Though the weather had been unfavourable – being showery – quite a good number travelled from Killorglin to see the event, which had been so frequently been postponed. A very healthy sign, surely, but some few of those were scarcely yet beyond their days of boyish emotion as it did not appear well to the outsider to hear some of the Killorglin youths shouting meaninglessly at the members of the opposing team. That was not – to use an old expression – ‘playing the game’ and the Rangers would have been much better off were those youths to play marbles or pitch-buttons at home on such future occasions. If they were to attend, let them act like MEN.

Laune Rangers: Dan Hayes (capt.), John Paul McCarthy (goal), P. J. O Sullivan (Firies), John Sugrue (Cromane), John Foley (Reen), Tadhg O Reilly (Sunhill), Paddy Foley (Iveragh Road), Jimmy Power (Lower Bridge St.), Danny Dwyer (Court Clerk), John Houlihan (Mill Road), Jimmy E. Flynn (Steelroe), Tommy Corcoran (Milltown), John Langford (Bansha), P. Moroney. Unfortunately, the Kennelly brothers were victims of the flu.

Ref: Din Joe Baily (Ballymac).

Considering that the referee had been the Secretary of the Co. Board and he had already awarded the goal at first during the game, it was highly probable that he would do likewise at the Co. Board and so it transpired. Disappointed with the decision, Dan Hayes (captain) and John Foley (Secretary) posed the following challenge to Farranfore in the form of a letter dated 18th September in the Kerryman: “Dear Sir, – Being disappointed both with the action of the referee in awarding, and that of the Farranfore team in accepting the recent match played at Milltown, and being anxious for a replay, which for the championship we are thus denied, we now challenge the Farranfore team to play for a set of medals on any convenient date and at such convenient venue as may be selected by representatives from both clubs or by an independent outsider, the proceeds to go to any reasonable purpose as may be agreed upon. Furthermore, in proof of our earnestness in the matter, we hereby agree to place in the hands of Mr. M. Griffin, ‘Kerryman’, a named sum on the acceptance of this by Farranfore. We trust that this challenge will be accepted as we are confident of the result. We met Listowel on three occasions formerly and, as has been the wont of the Kingdom players on such occasions, secured victory in the end. We look forward to your columns for an intimation of the acceptance of this in your next issue.”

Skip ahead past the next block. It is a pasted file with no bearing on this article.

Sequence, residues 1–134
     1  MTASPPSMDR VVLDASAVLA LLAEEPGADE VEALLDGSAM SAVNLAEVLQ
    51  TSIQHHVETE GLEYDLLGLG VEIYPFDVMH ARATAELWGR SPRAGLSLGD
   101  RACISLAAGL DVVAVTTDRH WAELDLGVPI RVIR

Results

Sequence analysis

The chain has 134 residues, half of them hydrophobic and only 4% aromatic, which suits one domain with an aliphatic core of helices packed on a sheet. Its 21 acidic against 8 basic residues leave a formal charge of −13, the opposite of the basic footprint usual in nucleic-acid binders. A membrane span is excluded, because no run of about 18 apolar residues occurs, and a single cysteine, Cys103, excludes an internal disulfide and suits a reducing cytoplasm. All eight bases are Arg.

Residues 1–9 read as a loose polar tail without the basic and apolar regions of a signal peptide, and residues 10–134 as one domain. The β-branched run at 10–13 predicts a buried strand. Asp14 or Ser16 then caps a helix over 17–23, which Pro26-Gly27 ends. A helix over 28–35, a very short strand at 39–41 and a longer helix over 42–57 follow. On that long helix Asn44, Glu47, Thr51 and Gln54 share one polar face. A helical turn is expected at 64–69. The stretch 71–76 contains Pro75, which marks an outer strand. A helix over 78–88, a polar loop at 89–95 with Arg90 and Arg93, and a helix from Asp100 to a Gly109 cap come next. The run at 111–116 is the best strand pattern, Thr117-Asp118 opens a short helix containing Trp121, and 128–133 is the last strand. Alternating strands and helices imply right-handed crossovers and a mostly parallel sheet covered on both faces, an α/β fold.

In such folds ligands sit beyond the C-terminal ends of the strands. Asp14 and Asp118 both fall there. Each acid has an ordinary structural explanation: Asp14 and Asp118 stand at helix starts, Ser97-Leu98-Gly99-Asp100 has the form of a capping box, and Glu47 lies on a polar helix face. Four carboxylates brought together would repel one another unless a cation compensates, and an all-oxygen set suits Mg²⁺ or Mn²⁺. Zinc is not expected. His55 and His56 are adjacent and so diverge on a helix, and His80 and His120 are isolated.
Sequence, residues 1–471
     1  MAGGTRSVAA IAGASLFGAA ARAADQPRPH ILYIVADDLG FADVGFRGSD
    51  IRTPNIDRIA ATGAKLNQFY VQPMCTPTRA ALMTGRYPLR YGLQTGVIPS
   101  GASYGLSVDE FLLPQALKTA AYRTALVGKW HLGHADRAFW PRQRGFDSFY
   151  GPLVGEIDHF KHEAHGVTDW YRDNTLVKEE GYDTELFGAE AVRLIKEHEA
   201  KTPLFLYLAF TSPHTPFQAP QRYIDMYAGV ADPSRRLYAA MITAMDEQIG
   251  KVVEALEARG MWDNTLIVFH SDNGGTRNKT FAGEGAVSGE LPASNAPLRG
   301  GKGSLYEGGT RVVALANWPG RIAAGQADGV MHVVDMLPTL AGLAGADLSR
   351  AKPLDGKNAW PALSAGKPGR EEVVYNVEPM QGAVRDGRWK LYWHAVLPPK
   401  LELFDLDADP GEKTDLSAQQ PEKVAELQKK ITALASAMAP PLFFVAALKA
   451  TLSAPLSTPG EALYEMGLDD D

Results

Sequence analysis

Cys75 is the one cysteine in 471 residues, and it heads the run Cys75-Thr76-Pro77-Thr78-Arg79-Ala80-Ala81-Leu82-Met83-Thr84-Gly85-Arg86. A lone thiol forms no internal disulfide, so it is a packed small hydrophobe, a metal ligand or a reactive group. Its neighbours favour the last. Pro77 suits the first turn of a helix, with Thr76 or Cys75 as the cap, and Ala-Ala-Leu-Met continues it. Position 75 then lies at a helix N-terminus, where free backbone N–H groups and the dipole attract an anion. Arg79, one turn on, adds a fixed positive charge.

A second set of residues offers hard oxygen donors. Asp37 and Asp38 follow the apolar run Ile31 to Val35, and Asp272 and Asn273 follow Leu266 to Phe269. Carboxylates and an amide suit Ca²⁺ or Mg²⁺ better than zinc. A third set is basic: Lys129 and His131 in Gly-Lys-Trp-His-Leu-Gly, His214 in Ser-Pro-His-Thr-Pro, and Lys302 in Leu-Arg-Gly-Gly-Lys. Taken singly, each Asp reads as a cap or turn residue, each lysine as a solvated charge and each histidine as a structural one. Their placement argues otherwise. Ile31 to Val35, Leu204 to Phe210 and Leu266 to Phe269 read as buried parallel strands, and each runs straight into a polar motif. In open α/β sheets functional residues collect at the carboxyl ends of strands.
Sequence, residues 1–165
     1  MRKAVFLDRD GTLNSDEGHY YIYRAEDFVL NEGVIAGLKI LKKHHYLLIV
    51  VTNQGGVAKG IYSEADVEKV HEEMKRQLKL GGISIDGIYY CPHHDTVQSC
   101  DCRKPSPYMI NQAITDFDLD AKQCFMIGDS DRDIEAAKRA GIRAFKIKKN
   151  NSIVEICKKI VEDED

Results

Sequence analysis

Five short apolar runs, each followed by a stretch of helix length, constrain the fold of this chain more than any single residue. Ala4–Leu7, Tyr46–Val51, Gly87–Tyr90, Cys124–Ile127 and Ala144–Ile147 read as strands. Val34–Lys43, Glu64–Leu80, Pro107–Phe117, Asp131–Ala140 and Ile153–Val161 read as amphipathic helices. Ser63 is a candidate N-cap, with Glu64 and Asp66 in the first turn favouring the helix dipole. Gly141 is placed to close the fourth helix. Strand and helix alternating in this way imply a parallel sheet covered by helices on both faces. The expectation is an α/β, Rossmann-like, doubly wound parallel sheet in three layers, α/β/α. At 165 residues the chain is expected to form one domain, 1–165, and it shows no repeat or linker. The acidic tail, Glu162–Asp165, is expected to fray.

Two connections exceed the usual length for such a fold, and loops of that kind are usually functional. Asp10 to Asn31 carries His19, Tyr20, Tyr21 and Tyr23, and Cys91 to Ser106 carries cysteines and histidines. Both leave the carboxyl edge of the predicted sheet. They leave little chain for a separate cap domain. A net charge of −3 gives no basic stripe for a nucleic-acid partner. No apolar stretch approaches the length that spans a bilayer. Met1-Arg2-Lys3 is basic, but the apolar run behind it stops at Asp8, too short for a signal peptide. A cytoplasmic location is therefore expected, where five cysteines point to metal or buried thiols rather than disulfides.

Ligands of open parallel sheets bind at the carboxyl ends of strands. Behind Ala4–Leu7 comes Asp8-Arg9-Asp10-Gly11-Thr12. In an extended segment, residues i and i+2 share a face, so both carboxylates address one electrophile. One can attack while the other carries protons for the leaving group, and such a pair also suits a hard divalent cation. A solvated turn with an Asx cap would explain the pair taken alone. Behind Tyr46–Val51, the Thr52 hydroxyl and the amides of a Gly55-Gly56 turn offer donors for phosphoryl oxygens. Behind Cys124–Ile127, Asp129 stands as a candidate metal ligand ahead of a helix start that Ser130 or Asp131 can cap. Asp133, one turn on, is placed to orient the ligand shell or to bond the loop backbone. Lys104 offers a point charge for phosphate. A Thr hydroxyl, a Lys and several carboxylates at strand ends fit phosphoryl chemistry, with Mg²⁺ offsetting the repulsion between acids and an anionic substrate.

A suggestion was made in the Kerryman that the proceeds of the challenge game should be donated to the Thomas Russell Dependents’ Fund and that was readily agreed to by Killorglin. The challenge was not taken up.

 

Munster Senior Football Championship

The selection committee consisted of Pat (Aeroplane) O Shea (chairman), Dick Fitzgerald (Killarney Crokes), Con Clifford (Tralee Mitchels), Jerry O Leary (Killarney), Tom Costello (Tralee) and Denis J. Baily (Ballymac and Sec. Co. Board).

In preparation for that championship, a challenge game was arranged for Tralee on Sunday 5th May – Tralee Mitchels v Killarney Crokes. Paddy Kennelly, Laune Rangers, in recognition of his good form at the time, was invited to play.

 

Semi-final on Sun. 25th Aug. at Limerick: Kerry 5-3; Clare 1-3.

Kerry: Patie Baily (Ballymac) goal, P. Sheehan, Eugene Moriarty, Paddy Healy (Crokes), Tom O Connor (Ballymac), Humphrey Murphy (Crokes), Martin Carroll (Mitchels), Phil O Sullivan (Churchill), Connie Murphy (Crokes), Paddy Kennelly (Laune Rangers), John O Connor (Mitchels), Eugene Hogan (do.), Jack Cronin (Crokes), James Baily (Ballymac), Charlie Troy (Listowel), Maurice Donovan (Crokes).

 

Final on Sun. 22nd Sept. at the Cork Athletic Grounds: Tipperary 1-1; Kerry 0-1.

Kerry: Connie Murphy (capt.), Dan Mullins (goal), Jack Lawlor, Eugene Moriarty, Tom Costello, Martin Carroll, Humphrey Murphy, Paddy Healy, John O Connor, Tom O Connor (Ballymac), Jack Cronin, Eugene Hogan, Con Clifford, Charlie Troy, Maurice Donovan. Paddy Kennelly was a victim of the flu virus at the time and was unable to train or to play.

Ref: Mick Mehigan (Cork).

 

Administration/Miscellany

 

Alderman James Nolan, Cill Coinnigh, was Uachtarán CLG.

 

The Annual Munster Convention was held in Tipperary on 10th March. The following officers were re-elected: Chairman – Jeremiah O Brien (An Clár), Secretary – Pat McGrath (Tiobrad Árainn), Treasurer – Ailbe Quillinan (Luimneach).